The majority of the increased debt balance, £37.8 billion, is made up of VAT and Self Assessment payments on account that taxpayers were given the option of deferring. As a result of COVID-19, many customers’ ability to pay their tax liabilities on time has reduced. The government therefore announced specific schemes for deferring payment of these debts, and HMRC also continues to offer significant support to customers who need more bespoke debt support through its tried and tested Time to Pay service.
There has been an increase in the number of customers setting up Time to Pay arrangements to help spread the cost of their tax liabilities. This can help viable businesses to manage their tax debts and weather the COVID-19-related economic downturn.
HMRC’s message is clear: if customers can pay their taxes, they should do so – but if they’re struggling, HMRC will listen and do its best to support them. Anyone concerned about paying their tax is urged to contact HMRC as early as possible to discuss ways the department can help.
Self Assessment customers who need to spread payment of their tax bill in monthly instalments can ‘self-serve’ Time to Pay online, without needing to speak to HMRC’s Debt Management Service, and in October the threshold for this service was increased from £10,000 to £30,000.
HMRC’s priority is to do everything it can to support customers through this difficult time. But an inevitable consequence of economic downturn and taxpayers deferring payments is that tax receipts in 2020 to 2021 will be down on last year.
The department’s compliance work has continued, including investigations into Coronavirus Job Retention Scheme, Self-Employment Income Support Scheme and Eat Out to Help Out error and fraud. Even before factoring in the impact of COVID-19, the forecast of compliance yield for 2020 to 2021 was lower than the year before, due in part to the number of very large cases the department investigated in 2019 to 2020, which naturally fluctuate from year to year.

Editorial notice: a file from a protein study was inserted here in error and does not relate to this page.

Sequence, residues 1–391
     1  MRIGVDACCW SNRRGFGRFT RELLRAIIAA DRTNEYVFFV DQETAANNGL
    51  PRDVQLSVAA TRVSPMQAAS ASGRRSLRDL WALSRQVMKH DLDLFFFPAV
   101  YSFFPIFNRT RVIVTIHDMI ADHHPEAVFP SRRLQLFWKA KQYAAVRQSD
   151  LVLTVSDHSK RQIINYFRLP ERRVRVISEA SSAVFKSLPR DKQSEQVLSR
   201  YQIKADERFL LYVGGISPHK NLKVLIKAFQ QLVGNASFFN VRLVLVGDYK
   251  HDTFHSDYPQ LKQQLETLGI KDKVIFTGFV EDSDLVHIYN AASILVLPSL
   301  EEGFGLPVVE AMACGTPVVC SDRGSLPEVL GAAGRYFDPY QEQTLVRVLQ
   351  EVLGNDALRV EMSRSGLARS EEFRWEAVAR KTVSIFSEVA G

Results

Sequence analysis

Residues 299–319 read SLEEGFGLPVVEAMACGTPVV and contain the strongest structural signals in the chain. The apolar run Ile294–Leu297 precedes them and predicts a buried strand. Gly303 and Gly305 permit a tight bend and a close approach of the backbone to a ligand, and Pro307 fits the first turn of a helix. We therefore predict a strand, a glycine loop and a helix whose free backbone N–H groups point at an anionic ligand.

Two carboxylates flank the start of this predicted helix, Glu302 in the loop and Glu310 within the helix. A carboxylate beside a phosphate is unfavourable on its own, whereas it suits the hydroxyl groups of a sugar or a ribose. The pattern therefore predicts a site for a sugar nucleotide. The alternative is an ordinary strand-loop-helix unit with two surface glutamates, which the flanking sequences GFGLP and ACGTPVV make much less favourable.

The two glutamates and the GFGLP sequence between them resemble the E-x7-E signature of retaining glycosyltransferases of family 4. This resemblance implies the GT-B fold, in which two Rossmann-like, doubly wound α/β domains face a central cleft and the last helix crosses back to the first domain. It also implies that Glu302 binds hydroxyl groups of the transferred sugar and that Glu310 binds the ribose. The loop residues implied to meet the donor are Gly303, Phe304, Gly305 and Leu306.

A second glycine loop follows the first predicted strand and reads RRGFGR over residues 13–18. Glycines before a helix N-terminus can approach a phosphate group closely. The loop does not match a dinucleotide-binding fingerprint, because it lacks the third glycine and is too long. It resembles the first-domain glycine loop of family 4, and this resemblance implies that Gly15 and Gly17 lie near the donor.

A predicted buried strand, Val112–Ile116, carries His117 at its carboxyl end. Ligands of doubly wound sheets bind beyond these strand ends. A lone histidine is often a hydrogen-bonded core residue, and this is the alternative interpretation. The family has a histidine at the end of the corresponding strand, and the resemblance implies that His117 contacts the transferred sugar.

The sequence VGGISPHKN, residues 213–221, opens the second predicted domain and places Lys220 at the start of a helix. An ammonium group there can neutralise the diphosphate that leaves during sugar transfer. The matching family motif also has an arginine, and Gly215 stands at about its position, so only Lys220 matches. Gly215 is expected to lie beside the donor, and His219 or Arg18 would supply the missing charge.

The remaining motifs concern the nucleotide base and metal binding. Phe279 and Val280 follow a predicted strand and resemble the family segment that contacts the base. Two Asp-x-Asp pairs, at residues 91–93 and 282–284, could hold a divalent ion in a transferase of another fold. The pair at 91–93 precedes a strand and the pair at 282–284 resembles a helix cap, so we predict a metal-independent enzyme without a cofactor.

The impact of COVID-19 on customers, and on the department’s deployment of its resources, will reduce tax compliance yield further.
A changing society
HMRC’s job is to collect the money that pays for the UK’s public services and pay out the right financial support. In order to keep doing its job, the department needs to move in step with a changing society. HMRC’s Annual Report and Accounts for 2019 to 2020 reveals that £636.7 billion was collected in tax revenue last year from around 45 million individual taxpayers and 5 million businesses. That’s £100 billion more than just 5 years ago.
What is evident in the months ahead, is the need for HMRC to continue:
- supporting businesses and individuals through COVID-19 and beyond
- supporting businesses through the end of the EU exit transition period and helping them prepare for the biggest border change for more than 40 years
- encouraging customers to complete their Self Assessment tax return ahead of the 31 January 2021 deadline
- collecting tax debts from those who can afford to pay
- continuing to tackle serious fraud and criminal attacks on the tax system, while increasing wider compliance activity to make sure customers pay the right tax and receive the right payments
It is a careful balance between bringing in revenue for the UK’s public services, maintaining a fair and level playing field for all and prioritising customer support to protect viable businesses.
You can see further information in our quarterly performance data.
HMRC has today published its updated Charter, which sets out its commitment to the highest standard of customer service.